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Cabarroguis v.

Vicente
Topic:Obligations with a penalty-Purpose of Penalty

Petitioner: Spouses CABARROGUIS


Respondent: TELESFORO B. VICENTE

SHORT ANSWERS

1. Who is chasing who: Cabarroguis chasing Vicente for outstanding balance


2. When did problem start: When Cabarroguis was hit by jeep operated by Vicente
3. Where does obligation arise:
1. Compromise Agreement

FACTS

Antonia A. Cabarroguis sustained physical injuries as a result of an accident when the AC "jeepney" of
which she was a passenger hit another vehicle at a street corner in the said city

Injury, caused permanent partial disability to her right forearm

To avoid court litigation, defendant Telesforo B. Vicente, owner and operator of the AC "jeepney" involved
in the accident, entered into a compromise agreement with the said victim obligating himself to pay to her
the sum of P2,500 "as actual and compensatory, exemplary and moral damages suffered by (her) . . .
from the said accident."

Defendant has paid a total of P1,500.00 leaving therefore, an unpaid balance of P1,000

Stipulated in the agreement that should defendant fail to complete payment within a period of sixty days,
he would pay an "additional amount of P200.00 as liquidated damages

Defendant failed after repeated demands, refused to comply with his obligation under the agreement after
the same had become due and demandable, Cabarroguis, assisted by her husband, brought suit in the
Municipal Court of Davao City

Respondents defense: injury sustained by plaintiff was not serious or consequential as to entitle her to
the payment of the amount stipulated in the compromise agreement; that the agreement did not express
the true intention of the parties thereto "by reason of mistake, fraud, inequitable conduct or accident" so
that a reformation of the agreement was in order

MTC favored petitioner, asked defendant to pay 1,200 with interest at legal rate
CA: raises case to SC as matter involves question of law
Respondents new defense: Under Art 1226 obligations with a penal clause, the penalty substitutes the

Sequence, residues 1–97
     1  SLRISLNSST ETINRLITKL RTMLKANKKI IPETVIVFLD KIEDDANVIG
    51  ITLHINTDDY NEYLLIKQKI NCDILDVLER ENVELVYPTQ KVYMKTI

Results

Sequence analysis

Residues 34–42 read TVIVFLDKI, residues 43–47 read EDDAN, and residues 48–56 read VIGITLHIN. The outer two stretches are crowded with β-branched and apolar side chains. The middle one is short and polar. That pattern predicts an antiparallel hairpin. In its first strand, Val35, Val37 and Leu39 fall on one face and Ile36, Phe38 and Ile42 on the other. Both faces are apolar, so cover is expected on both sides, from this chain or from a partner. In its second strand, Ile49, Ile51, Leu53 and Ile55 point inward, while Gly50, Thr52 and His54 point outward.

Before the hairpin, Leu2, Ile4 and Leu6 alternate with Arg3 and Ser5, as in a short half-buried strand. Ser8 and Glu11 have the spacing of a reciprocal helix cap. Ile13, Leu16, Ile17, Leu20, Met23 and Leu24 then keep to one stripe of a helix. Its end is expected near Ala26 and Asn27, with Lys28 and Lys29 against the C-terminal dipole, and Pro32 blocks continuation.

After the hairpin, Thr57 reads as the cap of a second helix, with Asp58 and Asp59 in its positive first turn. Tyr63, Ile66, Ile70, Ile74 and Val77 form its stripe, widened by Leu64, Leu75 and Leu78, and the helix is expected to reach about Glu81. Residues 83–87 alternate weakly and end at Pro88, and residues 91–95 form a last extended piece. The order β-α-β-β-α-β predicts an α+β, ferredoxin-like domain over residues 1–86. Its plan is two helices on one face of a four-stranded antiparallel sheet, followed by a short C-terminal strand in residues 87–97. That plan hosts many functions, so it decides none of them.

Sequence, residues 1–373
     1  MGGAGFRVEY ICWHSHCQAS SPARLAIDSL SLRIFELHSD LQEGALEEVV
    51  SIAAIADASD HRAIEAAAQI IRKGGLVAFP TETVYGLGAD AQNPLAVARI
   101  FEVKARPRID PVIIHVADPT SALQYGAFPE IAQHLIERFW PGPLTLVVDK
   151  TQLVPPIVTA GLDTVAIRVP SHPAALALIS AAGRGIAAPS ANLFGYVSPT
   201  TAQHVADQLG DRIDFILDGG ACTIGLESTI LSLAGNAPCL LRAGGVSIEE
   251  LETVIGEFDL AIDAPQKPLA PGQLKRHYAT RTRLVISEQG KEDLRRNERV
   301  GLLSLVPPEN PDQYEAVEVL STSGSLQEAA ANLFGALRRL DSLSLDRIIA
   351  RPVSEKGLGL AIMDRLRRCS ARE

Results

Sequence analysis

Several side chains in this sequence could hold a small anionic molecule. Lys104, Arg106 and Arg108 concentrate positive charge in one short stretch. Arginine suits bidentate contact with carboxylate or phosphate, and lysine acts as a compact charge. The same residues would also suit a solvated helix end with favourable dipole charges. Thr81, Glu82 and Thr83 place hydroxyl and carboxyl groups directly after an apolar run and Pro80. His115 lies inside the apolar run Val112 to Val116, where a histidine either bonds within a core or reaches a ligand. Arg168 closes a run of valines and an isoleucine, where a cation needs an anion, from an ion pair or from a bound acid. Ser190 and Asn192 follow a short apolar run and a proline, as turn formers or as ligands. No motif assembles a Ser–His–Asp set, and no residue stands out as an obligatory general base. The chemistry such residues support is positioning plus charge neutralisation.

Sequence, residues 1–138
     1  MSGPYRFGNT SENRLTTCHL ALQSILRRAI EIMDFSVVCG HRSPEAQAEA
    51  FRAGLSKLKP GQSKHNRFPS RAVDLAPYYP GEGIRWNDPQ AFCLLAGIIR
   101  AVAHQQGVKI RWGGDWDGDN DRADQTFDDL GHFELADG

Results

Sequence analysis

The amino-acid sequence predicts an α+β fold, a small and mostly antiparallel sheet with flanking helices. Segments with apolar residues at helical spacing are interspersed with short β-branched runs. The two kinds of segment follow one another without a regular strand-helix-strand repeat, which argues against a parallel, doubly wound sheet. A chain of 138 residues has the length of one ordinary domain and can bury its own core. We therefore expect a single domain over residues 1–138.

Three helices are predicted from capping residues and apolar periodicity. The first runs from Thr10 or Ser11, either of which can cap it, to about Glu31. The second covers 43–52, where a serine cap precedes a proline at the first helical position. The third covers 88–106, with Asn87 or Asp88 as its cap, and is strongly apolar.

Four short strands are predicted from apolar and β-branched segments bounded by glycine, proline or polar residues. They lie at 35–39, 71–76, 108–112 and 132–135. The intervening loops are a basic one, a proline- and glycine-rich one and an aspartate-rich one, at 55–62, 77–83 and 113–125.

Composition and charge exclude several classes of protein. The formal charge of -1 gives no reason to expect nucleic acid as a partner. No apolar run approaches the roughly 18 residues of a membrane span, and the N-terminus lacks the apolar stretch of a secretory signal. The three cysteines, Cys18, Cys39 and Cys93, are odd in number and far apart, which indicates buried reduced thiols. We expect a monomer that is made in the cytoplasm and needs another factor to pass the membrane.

indemnity for damages and payment of interest

ISSUE:
Whether or not the penalty substitutes the indemnity for damages and interest

HELD: Appealed decision affirmed

In obligations with a penal clause, as provided in Article 1226 of the new Civil Code, the penalty shall
substitute the indemnity for damages and the payment of interests
The exceptions to this rule, according to the same article, are:
(1) when the contrary is stipulated;
(2) when the debtor refuses to pay the penalty imposed in the obligation, in which case the creditor is
entitled to interest on the amount of the penalty, in accordance with Article 2209; and
(3) when the obligor is guilty of fraud in the fulfillment of the obligation

It is evident that no interest can be awarded on the principal obligation of defendant, the penalty of
P200.00 agreed upon having taken the place of the payment of such interest and the indemnity for
damages. No stipulation to the contrary was made, and while defendant was sued for breach of the
compromise agreement, the breach was not occasioned by fraud

The case, however, takes a different aspect with respect to the penalty attached to the principal
obligation. It has been held that in obligations for the payment of a sum of money when a penalty is
stipulated for default, both the principal obligation and the penalty can be demanded by the creditor

Defendant having refused to pay when demand was made by plaintiff, the latter clearly is entitled to
interest on the amount of the penalty

Article 2210 of the new Civil Code also provides that in the discretion of the court, interest may be alleged
upon damages awarded for breach of contract. This interest is recoverable from the time of delay, that is
to say, from the date of demand, either judicial or extrajudicial. There being no showing as to when
demand for payment was made, plaintiff must be considered to have made such demand only from the
filing of the complaint